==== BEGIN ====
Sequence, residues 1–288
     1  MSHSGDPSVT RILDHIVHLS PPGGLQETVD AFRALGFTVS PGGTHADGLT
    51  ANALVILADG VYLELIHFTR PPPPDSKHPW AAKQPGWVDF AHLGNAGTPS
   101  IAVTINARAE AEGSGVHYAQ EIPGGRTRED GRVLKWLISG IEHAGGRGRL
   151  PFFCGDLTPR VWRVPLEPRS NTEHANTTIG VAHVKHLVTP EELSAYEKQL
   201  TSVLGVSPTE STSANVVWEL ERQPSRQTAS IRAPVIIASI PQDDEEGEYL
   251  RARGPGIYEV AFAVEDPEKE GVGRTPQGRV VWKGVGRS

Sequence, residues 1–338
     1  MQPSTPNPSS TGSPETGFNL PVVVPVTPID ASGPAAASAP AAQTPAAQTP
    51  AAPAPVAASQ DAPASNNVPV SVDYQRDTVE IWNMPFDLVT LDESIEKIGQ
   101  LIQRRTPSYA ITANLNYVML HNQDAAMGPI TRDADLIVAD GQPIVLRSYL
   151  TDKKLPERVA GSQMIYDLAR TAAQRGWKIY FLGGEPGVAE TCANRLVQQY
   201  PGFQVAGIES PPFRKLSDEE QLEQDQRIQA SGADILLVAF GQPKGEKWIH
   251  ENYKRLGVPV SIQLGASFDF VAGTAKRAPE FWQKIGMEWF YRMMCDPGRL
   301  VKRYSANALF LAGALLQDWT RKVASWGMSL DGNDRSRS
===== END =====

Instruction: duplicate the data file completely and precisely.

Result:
Sequence, residues 1–288
     1  MSHSGDPSVT RILDHIVHLS PPGGLQETVD AFRALGFTVS PGGTHADGLT
    51  ANALVILADG VYLELIHFTR PPPPDSKHPW AAKQPGWVDF AHLGNAGTPS
   101  IAVTINARAE AEGSGVHYAQ EIPGGRTRED GRVLKWLISG IEHAGGRGRL
   151  PFFCGDLTPR VWRVPLEPRS NTEHANTTIG VAHVKHLVTP EELSAYEKQL
   201  TSVLGVSPTE STSANVVWEL ERQPSRQTAS IRAPVIIASI PQDDEEGEYL
   251  RARGPGIYEV AFAVEDPEKE GVGRTPQGRV VWKGVGRS

Sequence, residues 1–338
     1  MQPSTPNPSS TGSPETGFNL PVVVPVTPID ASGPAAASAP AAQTPAAQTP
    51  AAPAPVAASQ DAPASNNVPV SVDYQRDTVE IWNMPFDLVT LDESIEKIGQ
   101  LIQRRTPSYA ITANLNYVML HNQDAAMGPI TRDADLIVAD GQPIVLRSYL
   151  TDKKLPERVA GSQMIYDLAR TAAQRGWKIY FLGGEPGVAE TCANRLVQQY
   201  PGFQVAGIES PPFRKLSDEE QLEQDQRIQA SGADILLVAF GQPKGEKWIH
   251  ENYKRLGVPV SIQLGASFDF VAGTAKRAPE FWQKIGMEWF YRMMCDPGRL
   301  VKRYSANALF LAGALLQDWT RKVASWGMSL DGNDRSRS